Missak Manouchian



Missak Manouchian was a key leader in the French Resistance during World War II, noted for his leadership of the FTP-MOI group.

Missak Manouchian, born in 1906 in Adiyaman, Ottoman Empire, experienced the trauma of losing his parents during the Armenian Genocide. After spending his early years in an orphanage in Lebanon, he relocated to France in 1925. In Paris, he engaged in various manual jobs while cultivating his passion for literature and political activism. His commitment to social justice led him to join the French Communist Party in 1931, where he became deeply involved in advocating for immigrant and worker rights. 

With the outbreak of World War II, Manouchian emerged as a prominent figure in the French Resistance. He took on a leadership role within the FTP-MOI (Francs-tireurs et partisans - Main-d'œuvre immigrée), a resistance group predominantly composed of immigrant fighters. Under his command, the group executed numerous significant operations against the Nazi occupation in Paris. One of their most notable achievements was the assassination of Julius Ritter, a high-ranking Nazi official responsible for forced labor conscription in France. 

Despite their successes, Manouchian and his comrades were captured in November 1943 due to intense surveillance and betrayal. The Nazi regime sought to undermine the Resistance by portraying them as foreign criminals during their trial. This led to the notorious "Affiche Rouge" (Red Poster) campaign, which depicted Manouchian and his fellow fighters as dangerous outsiders to discredit their efforts.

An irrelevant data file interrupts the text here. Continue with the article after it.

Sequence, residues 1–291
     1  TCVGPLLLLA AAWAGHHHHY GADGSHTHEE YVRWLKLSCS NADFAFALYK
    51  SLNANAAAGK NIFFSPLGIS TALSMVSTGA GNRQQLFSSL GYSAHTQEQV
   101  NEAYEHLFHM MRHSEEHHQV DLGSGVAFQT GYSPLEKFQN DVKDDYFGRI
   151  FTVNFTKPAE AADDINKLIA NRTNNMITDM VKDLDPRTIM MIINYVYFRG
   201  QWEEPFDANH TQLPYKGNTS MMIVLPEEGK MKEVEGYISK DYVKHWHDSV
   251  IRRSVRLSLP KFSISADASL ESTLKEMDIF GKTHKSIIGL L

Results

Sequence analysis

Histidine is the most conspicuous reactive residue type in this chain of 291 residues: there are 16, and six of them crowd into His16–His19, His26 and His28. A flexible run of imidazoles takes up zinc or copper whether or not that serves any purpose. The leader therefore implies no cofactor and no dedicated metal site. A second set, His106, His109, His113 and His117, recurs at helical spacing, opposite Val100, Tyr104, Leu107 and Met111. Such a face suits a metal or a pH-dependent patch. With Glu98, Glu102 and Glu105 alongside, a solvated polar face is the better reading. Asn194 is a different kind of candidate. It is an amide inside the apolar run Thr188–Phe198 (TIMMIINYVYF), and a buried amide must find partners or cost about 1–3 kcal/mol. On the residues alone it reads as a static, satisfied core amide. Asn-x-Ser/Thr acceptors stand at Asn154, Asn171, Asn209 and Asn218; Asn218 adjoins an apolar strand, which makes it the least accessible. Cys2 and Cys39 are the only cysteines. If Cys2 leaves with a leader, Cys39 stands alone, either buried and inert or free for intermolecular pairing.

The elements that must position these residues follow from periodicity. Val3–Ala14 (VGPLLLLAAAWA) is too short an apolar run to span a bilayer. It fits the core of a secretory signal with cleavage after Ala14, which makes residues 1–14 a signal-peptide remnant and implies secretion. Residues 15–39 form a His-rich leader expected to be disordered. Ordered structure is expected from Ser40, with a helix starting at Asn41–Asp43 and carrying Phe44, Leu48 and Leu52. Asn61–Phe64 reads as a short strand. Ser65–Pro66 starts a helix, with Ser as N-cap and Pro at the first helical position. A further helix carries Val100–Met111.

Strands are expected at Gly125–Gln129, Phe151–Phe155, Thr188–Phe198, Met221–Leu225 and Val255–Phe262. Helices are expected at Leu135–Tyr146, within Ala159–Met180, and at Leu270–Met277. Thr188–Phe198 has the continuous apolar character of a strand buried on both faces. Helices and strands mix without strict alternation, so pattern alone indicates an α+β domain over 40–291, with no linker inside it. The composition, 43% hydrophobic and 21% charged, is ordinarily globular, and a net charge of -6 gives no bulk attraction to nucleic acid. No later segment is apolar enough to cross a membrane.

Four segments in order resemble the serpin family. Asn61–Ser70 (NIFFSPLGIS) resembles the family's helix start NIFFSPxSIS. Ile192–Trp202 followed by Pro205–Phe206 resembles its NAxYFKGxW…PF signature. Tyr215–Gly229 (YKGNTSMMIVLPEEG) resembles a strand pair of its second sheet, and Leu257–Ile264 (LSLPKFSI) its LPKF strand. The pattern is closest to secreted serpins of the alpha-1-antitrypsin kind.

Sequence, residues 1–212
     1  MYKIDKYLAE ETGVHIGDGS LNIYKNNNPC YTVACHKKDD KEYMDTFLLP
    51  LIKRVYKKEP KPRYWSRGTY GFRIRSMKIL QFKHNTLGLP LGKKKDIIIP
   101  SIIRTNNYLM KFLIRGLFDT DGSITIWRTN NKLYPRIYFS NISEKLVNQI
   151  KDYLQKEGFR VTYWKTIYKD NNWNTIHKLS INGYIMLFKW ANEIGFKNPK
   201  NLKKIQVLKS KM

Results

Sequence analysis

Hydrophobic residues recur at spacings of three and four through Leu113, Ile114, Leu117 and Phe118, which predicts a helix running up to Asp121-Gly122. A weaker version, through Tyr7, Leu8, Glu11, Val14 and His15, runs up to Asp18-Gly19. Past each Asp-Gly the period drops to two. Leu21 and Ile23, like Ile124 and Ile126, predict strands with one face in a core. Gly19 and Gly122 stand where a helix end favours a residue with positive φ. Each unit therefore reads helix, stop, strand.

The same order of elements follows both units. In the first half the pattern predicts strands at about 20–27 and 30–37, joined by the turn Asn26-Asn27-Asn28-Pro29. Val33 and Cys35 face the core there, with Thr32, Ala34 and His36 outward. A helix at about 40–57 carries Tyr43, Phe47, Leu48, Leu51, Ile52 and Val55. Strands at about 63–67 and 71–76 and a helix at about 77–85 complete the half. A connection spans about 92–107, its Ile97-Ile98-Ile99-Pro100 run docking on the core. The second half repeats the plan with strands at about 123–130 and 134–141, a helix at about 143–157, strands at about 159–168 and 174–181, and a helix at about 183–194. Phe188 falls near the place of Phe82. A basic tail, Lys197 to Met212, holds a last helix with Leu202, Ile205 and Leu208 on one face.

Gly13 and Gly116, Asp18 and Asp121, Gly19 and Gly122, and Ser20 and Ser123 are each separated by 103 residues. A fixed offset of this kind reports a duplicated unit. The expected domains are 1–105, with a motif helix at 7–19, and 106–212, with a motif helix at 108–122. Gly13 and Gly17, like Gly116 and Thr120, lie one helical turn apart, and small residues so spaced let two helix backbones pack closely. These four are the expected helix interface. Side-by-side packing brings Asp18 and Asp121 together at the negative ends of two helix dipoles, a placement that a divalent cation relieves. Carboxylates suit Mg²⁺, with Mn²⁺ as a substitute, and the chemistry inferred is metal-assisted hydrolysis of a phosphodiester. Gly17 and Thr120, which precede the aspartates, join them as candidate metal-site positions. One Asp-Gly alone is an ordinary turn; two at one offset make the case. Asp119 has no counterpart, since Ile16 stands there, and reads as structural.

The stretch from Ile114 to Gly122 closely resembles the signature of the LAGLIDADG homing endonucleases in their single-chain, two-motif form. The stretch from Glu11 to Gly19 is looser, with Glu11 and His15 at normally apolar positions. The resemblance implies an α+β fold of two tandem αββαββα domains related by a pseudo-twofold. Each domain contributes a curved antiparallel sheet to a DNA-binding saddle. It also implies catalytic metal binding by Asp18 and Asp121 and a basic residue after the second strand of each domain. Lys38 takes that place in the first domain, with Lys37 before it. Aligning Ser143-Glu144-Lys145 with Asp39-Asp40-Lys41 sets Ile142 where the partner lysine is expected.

Condemned to death, Manouchian and 21 others were executed on February 21, 1944. In his poignant final letter to his wife, Mélinée, Manouchian expressed unwavering hope for the future and a steadfast dedication to the cause of freedom. His words reflected his deep love and commitment to both his personal and political life. 

Missak Manouchian's legacy is a powerful testament to the crucial role immigrants played in the French Resistance. His life and sacrifice have been commemorated in poetry, music, and literature, serving as enduring symbols of resistance against tyranny. On February 21, 2024, the 80th anniversary of his execution, Manouchian was reburied with his wife in the Panthéon in Paris, solidifying his place among France's revered national heroes. His story continues to inspire future generations in the ongoing struggle for justice and human rights.